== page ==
Education

News in Brief: A State Capitals Roundup

June 19, 2002 5 min read
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10 Florida Schools Get F’s; Students Qualify for Vouchers

Students at 10 Florida public schools are eligible to receive vouchers to attend school elsewhere in the state this coming fall, after their schools received failing grades from the state for the second time in the past four years.

Gov. Jeb Bush

In total, 68 schools across Florida were labeled with a grade of F this year. For most, it was their first F grade, which meant that the schools do not qualify for the vouchers to attend other public or private schools, including religious schools. The state used new criteria for its grading system, which now tracks test scores by groups of students from year to year.

Last year, no schools received a failing grade.

Only two schools have previously qualified for vouchers under the state’s “A-Plus” grading system. Both of those schools were in Pensacola, and one has now closed.

“For too long we have accepted the status quo in our schools and didn’t demand accountability and results as a measure of success,” Republican Gov. Jeb Bush said in a statement when the grades were released June 12.

Five of the 10 voucher schools this year are in the 370,000-student Miami-Dade County school district, according to the state education department. Three are in Palm Beach County, with one each in Orange and Escambia counties.

Gov. Bush, who is up for re-election in November, pointed out that more than half the state’s schools received a grade of B or better. He announced a new program called “Assistance Plus” that will send state assistance teams and additional money to the low-rated schools, and will establish a mandatory summit for principals, leaders of school advisory councils, superintendents, and school board chairmen representing schools that received an F.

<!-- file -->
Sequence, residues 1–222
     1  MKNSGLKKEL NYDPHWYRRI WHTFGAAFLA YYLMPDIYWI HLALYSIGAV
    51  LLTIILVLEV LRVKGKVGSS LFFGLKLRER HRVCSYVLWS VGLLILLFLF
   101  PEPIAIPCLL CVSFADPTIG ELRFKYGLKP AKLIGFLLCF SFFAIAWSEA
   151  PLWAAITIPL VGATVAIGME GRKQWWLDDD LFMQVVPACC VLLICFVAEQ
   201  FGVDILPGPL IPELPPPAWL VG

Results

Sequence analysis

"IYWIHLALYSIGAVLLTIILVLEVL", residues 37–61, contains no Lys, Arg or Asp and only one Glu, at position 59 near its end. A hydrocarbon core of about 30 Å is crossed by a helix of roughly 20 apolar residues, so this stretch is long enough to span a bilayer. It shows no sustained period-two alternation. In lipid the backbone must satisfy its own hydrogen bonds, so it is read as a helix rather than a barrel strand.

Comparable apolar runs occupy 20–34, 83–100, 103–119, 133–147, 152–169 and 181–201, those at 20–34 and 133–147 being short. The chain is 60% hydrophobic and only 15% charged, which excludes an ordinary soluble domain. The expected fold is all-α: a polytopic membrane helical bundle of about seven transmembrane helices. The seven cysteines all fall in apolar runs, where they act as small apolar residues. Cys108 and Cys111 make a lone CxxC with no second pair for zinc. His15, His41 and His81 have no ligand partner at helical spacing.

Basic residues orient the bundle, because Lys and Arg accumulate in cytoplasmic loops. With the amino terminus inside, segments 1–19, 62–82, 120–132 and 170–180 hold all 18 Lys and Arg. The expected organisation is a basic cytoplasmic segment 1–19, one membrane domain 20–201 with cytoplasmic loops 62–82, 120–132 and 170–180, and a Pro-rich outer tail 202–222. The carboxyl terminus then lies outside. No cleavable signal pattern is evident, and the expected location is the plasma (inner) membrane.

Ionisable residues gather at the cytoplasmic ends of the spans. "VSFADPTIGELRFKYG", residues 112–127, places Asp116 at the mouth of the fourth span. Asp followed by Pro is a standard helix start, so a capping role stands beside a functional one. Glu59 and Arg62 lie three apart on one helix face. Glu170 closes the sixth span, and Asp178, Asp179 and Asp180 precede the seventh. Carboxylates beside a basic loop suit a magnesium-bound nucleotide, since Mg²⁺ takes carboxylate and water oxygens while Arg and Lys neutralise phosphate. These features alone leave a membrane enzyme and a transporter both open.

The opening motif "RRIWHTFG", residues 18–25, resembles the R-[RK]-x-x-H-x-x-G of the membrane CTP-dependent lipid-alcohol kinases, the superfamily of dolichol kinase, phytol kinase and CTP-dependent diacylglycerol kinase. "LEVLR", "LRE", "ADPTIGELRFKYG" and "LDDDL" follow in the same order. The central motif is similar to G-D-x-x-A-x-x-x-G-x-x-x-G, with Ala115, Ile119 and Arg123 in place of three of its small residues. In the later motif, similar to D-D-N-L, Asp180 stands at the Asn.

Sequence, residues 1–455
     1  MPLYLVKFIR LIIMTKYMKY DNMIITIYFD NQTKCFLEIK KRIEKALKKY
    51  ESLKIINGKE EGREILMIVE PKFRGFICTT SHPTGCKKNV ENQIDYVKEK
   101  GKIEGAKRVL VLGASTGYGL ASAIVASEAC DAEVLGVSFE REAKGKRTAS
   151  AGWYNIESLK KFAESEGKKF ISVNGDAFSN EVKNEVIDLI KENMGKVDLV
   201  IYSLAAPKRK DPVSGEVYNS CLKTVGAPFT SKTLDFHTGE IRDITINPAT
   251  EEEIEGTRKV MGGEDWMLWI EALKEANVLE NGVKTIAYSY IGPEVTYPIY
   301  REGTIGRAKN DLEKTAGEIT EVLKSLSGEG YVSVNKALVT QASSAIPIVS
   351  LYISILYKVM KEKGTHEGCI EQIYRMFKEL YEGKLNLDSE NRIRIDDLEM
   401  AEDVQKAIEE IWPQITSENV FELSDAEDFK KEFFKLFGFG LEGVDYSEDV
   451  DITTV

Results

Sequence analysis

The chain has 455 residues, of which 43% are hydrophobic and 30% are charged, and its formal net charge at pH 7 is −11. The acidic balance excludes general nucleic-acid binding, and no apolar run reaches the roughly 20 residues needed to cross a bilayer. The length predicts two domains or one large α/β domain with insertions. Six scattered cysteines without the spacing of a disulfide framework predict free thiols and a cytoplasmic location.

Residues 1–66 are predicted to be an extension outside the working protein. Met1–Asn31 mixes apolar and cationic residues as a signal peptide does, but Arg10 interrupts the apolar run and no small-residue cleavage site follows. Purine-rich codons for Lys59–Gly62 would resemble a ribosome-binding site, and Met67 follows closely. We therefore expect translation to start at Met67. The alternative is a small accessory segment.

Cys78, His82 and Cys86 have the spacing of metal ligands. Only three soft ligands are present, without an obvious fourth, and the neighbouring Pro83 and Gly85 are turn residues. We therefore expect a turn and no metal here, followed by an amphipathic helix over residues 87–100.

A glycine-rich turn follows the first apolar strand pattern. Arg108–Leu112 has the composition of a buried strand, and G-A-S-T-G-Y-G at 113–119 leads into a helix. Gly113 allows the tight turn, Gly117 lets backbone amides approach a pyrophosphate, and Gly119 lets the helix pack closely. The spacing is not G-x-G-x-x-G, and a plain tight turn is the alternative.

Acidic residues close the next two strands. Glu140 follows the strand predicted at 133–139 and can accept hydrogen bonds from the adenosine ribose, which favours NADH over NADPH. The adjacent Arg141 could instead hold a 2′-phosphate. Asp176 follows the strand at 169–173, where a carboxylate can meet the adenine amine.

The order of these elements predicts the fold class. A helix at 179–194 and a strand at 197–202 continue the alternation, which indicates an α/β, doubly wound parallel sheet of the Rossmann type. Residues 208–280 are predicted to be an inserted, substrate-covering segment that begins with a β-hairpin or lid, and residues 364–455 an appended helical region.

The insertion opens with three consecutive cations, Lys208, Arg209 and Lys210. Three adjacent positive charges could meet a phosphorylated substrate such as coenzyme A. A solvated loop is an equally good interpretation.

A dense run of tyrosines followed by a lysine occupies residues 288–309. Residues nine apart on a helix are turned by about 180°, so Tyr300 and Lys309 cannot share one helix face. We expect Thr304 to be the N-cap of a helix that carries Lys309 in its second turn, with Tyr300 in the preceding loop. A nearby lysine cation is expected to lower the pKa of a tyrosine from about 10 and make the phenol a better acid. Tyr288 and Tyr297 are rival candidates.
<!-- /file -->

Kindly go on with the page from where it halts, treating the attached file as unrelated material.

—Alan Richard

Ariz. Chief Wants Checks in Charters

Arizona’s superintendent of public instruction, Jaime A. Molera, wants charter schools to conduct background checks that include fingerprinting of teachers—a policy that is enforced for certified teachers in regular public schools.

At his request, the state charter school board is considering ways to pressure charter schools to submit fingerprints for background checks on noncertified teachers hired by charter schools.

Currently, Arizona charter schools are not required to hire teachers who have been certified by the state, a process that requires candidates to be fingerprinted and pass background checks. Most other states, though, require charter school teachers to undergo some sort of background check and fingerprinting.

The move comes after a high-profile incident this month in which a male charter school teacher was arrested for the alleged sexual abuse of two female students. That teacher had not been able to complete the certification process because of previous crimes, said Tom Collins, a spokesman for the Arizona Department of Education.

A measure to require the procedures stalled in the legislature earlier this year. But Mr. Molera’s proposal, if approved by the state board, would have a limited impact: The state could not force all charter schools to comply because it would not be state law.

—Joetta L. Sack